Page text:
2. File a claim with your insurance provider. 

    If the other driver doesn’t have enough insurance to pay for all your medical bills and other losses, you can file what is known as an underinsured motorist (UIM) claim with your own insurance company. In order to do this, there must be UIM coverage on the vehicle you were in at the time of the accident, or you must have UIM coverage included on your own insurance policy. 

    In certain instances, you may be able to stack multiple UIM policies to cover the losses caused by the wreck. What is policy stacking? You can read this article for more information: What Does Stacking Insurance Policies Mean, And How Can It Help Car Accident Victims?

    3. Determine whether there are any other potential defendants.

    The negligent driver is not always the only liable party. If any other person or entity is partially responsible for the accident, then South Carolina law permits you to seek recovery against them as well. For example, if a bar overserved a drunk driver, or a defect in the roadway contributed to the crash, then you could pursue an insurance claim against those entities.          

    If all else fails, you can file a judgement against the driver’s home, vehicles, and other assets. The problem is that most reckless drivers do not have sufficient holdings to sell off in cases of catastrophic loss. It’s also important to know that even if the court enters a judgment against the responsible party, the court is not responsible for ensuring the civil judgment is paid. This can be a long, drawn-out process, so we recommend exploring every other avenue before attempting to execute judgment.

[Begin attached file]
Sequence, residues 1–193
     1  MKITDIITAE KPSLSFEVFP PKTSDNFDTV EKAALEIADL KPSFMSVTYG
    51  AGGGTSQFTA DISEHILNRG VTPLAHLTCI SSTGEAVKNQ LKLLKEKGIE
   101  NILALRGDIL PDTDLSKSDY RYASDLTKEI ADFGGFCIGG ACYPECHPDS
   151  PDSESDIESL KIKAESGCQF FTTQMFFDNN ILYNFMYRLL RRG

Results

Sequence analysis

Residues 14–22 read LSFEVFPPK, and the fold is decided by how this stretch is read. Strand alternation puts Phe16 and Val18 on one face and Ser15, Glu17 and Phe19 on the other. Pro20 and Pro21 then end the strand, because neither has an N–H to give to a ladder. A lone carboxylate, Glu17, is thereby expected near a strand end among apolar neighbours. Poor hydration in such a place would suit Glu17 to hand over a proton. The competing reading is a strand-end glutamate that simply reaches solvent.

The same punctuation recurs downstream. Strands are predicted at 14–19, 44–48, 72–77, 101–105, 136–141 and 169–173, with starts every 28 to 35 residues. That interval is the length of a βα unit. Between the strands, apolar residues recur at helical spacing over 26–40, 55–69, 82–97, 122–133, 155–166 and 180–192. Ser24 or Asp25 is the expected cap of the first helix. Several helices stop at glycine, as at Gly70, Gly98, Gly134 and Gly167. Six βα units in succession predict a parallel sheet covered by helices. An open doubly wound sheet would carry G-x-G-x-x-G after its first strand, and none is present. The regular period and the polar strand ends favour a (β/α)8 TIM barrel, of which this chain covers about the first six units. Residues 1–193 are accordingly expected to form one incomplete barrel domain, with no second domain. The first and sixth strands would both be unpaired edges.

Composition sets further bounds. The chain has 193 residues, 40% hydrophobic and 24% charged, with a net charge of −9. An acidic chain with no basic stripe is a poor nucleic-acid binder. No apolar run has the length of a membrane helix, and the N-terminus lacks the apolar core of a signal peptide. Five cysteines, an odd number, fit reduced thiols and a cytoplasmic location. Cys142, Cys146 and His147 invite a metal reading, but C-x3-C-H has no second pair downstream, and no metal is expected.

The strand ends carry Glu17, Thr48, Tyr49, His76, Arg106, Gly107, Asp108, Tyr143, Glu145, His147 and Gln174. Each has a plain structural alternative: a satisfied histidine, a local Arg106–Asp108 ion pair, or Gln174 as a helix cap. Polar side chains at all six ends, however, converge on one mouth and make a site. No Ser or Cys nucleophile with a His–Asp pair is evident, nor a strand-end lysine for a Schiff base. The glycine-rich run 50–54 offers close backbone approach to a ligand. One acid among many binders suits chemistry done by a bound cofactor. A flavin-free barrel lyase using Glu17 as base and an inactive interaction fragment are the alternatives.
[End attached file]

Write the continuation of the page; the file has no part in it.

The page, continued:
If you were involved in a car crash in South Carolina, and want to know all your rights and options, please contact us today. We want to bring clarity and justice to the process for you.

  • Do I Need A Lawyer to Settle My South Carolina Workers' Compensation Case?

    It depends. Minor work injuries that require minimal treatment, and do not prevent you from working, should not require a lawyer. Likewise, if the insurance company is paying your medical bills, authorizing necessary medical care, sending checks in a timely fashion, and offering to fairly compensate you for any impairment or effect on future earnings, a lawyer might not be necessary.

    However, when the insurance company drags its feet, refuses to send you to the proper doctor, or fights to pay you less than the law entitles you to, then you should at least consulting a South Carolina workers' comp attorney.

    I do not represent people unless I think they will benefit from my knowledge and skills. Even if I turn down your case, I will gladly take a few minutes to answer your questions at no charge. Call me today at (803) 790-2800 or request a free copy of my book, Your Guide to South Carolina Personal Injury and Workers' Compensation

  • Can My Employer Fire Me For Filing a Workers' Comp Claim in SC?

    South Carolina law prohibits an employer from firing you in retaliation for filing a workers’ compensation claim. If an employer wrongfully terminated someone on this basis, they would be liable not only for the workers’ compensation claim, but also for a civil lawsuit. Even though South Carolina is a “right to work” state, you cannot be punished for lawfully seeking workers’ compensation benefits.

    Nonetheless, your company is allowed to let you go if you are physically unable to perform the job. In these instances, you would begin receiving a weekly workers’ compensation check equal to 2/3s of your pre-tax earnings. For instance, if you grossed $750 weekly before you got hurt, you would receive a $500 check every week from the time you were fired until a doctor placed you at what is known as “maximum medical improvement.”

    South Carolina law does not tolerate companies punishing employees simply for being hurt on the job. You have rights, and I will work hard to protect them. If you were fired after filing a workers’ comp claim, or if you believe you are being “targeted” by your employer, call me today at (803) 790-2800.